Step #4. Anchor the Price

Price anchoring is important for anything you’re selling, but it’s especially important for Pay What You Want offers.

When we price-anchor, we get people in the proper frame of mind for contributing larger than usual sums (or at least, larger than they would have had the price anchor not been present).

Two powerful ways to price anchor a PWYW product is by showing:

  • the itemized costs of materials or resources, or what equivalent amounts would look like on the high-end (e.g. “similar custom designed websites go for $7,000”)
  • the top-tier price points of competing products or services (e.g. “company X charges $20,000 for a new website)

Step #5. Steer the Customer to the Right Choice

Alright, so people have a reason to give (you’ve clarified the offer), they are comfortable with giving something (thanks to price-anchoring), and they want to give (because you appealed to their idealism)…now what?

PWYW and gift-economy is confusing stuff for the majority of the population since they’ve never experienced it.  A lot of people are immediately turned off by it because it confuses them.

You need to remove these fears by being very clear and helping people to the right choice.  You can do this by showing any or all of the above:

1. Total number of contributors (this a form of social proof)

2. Top-tier contributor prices (what did the top 10 people pay for this product?  This can be another form of price-anchoring)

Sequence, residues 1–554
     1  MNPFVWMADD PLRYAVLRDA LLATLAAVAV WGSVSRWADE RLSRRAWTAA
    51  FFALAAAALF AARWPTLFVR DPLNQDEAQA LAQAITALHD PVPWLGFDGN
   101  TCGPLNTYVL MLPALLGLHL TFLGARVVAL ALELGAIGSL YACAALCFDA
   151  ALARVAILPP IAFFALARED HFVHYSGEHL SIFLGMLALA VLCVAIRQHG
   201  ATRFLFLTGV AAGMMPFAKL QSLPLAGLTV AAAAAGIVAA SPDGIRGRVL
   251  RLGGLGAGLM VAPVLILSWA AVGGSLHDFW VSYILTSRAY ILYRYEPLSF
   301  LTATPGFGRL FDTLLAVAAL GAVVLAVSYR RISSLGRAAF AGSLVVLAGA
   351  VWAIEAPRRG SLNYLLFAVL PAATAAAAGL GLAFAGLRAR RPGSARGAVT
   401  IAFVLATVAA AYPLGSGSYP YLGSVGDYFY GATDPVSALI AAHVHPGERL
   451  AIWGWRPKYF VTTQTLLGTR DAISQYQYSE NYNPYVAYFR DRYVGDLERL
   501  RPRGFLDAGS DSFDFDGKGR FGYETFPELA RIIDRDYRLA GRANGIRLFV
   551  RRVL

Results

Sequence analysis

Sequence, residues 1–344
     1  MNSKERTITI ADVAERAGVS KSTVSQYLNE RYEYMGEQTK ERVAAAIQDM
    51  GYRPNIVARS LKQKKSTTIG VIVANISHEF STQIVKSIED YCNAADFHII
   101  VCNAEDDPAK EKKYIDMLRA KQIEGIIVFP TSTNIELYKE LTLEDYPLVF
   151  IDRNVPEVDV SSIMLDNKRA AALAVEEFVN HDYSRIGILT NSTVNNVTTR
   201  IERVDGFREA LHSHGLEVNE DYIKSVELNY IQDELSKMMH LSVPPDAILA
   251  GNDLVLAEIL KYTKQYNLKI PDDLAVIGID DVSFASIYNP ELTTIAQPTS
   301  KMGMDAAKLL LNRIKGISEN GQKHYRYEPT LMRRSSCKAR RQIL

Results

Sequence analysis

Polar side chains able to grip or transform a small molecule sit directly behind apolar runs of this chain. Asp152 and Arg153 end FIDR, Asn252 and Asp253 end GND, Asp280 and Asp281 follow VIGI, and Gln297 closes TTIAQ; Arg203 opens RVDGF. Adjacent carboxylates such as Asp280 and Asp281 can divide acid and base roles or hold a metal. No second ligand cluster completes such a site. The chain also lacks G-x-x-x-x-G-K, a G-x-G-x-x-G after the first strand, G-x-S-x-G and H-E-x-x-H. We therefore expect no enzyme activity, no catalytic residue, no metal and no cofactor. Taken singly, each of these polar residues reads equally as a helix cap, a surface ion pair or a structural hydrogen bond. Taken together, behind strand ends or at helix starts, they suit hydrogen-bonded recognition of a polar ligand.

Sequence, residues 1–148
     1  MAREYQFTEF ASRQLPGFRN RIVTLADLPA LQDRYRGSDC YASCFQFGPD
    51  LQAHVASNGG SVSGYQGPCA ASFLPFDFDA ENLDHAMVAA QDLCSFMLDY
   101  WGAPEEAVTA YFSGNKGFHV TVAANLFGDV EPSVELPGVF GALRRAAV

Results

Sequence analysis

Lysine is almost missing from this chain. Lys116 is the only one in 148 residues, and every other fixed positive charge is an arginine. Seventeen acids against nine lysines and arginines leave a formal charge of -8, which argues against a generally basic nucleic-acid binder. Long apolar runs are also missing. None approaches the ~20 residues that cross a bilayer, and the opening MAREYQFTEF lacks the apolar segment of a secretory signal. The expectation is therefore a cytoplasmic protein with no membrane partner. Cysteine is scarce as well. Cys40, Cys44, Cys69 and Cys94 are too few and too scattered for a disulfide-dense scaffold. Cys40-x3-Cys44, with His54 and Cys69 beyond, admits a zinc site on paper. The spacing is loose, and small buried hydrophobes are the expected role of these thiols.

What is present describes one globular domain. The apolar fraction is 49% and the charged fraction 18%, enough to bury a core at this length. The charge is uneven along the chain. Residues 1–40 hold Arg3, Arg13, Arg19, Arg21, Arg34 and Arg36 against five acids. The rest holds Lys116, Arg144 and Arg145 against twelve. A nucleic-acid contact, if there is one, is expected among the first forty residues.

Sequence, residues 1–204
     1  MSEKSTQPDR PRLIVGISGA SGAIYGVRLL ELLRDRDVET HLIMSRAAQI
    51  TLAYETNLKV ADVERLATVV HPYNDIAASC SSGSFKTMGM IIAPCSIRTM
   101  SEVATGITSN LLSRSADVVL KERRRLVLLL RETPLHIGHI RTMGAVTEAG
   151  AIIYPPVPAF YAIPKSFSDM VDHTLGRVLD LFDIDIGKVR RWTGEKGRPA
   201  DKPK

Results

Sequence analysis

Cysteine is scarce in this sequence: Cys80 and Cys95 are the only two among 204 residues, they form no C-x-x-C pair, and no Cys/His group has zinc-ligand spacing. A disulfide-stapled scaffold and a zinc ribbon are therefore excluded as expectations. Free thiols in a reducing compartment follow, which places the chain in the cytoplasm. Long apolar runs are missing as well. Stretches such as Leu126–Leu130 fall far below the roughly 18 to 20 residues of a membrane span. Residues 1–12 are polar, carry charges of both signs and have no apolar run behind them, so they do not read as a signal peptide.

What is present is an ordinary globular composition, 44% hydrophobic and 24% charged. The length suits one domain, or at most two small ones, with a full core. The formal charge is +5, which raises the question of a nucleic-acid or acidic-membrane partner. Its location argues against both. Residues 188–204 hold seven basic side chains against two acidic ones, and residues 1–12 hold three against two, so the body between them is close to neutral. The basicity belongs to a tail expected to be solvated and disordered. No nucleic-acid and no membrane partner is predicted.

3. Average contribution price (although this may lead to more ‘average price’ purchases of your PWYW offer)

Any (or all) of these will help people recognize what’s a fair offer and give them ample opportunity to be generous (if the average is ‘x’ then I will give ‘x+1’)

Step #6. (Bonus Step) Add Charity to the Mix

This is a game changer.

Want to skyrocket your PWYW income?  Add charity to the mix.

People don’t pay money for a product or service, they pay money for the story.  When we integrate a congruent charity into the mix (something that makes sense in the context of what we’re selling, like teaming up with Kiva.org for The Creative Entrepreneur journal) we multiply the effect of appealing to idealism.

A quick warning: assigning a random charity to support won’t work.  You’ve got to make sure it’s consistent with your message and the intent of your product or service.

The beauty of including charity?  It’s win-win. You make more income, a worthwhile charity gets a cut, and the customer is happy to contribute.